From the October 1944 magazine.

Mail Call for All A.A.s in the Armed Forces

We are fortunate to have secured the following story for this issue of The Grapevine from an A.A. who participated in the preparations for D-Day and the actual invasion. We think his conclusions should be helpful to all A.A.s.

When we sailed out of New York harbor bound for England I was riding a high swell of confidence that I would be able to keep on the A.A. beam without too much trouble. Several factors contributed to that comfortable feeling. We had just completed a period of training that was pretty tough for a 40-year-old, chair-borne officer, and I had survived the spells of low spirits that so often accompany physical exhaustion. The Army had twisted, flexed and P.T.'d us into top condition. Among the officers traveling with me was a close friend who knew about A.A. and was wholeheartedly in favor of my membership. My foot-locker contained an elemental A.A. library: "the" book, Screwtape Letters, Return to Religion, Lost Week-End, and Christian Behavior, to which I planned to turn for remindful reading. Finally, I was reroute to a C.O. who previously had been informed that I was not drinking, thus relieving me of prospects of any embarrassment, imagined or real, over the "have-one-on-me" kind of comradeship with him. So, notwithstanding the thoughts of danger that occur to anyone moving into a combat zone, I had few misgivings about anything and particularly not about alcohol even though each hour took me farther from 24th Street and the revitalizing smaller meetings.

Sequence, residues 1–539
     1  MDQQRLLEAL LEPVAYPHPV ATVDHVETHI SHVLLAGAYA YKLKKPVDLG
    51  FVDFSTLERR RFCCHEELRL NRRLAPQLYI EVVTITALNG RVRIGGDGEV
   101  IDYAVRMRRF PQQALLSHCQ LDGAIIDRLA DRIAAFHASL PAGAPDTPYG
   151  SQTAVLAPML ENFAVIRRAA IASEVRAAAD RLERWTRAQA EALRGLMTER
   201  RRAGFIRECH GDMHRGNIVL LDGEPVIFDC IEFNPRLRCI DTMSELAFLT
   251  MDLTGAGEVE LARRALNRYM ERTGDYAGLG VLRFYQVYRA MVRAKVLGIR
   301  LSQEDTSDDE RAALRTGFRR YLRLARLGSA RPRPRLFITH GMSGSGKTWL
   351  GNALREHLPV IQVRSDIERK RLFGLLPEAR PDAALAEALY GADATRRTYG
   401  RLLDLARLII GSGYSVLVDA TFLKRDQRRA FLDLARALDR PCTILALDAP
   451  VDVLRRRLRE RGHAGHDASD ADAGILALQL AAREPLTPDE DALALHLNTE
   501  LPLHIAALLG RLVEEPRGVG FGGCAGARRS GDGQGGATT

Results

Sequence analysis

-- T.D.Y.

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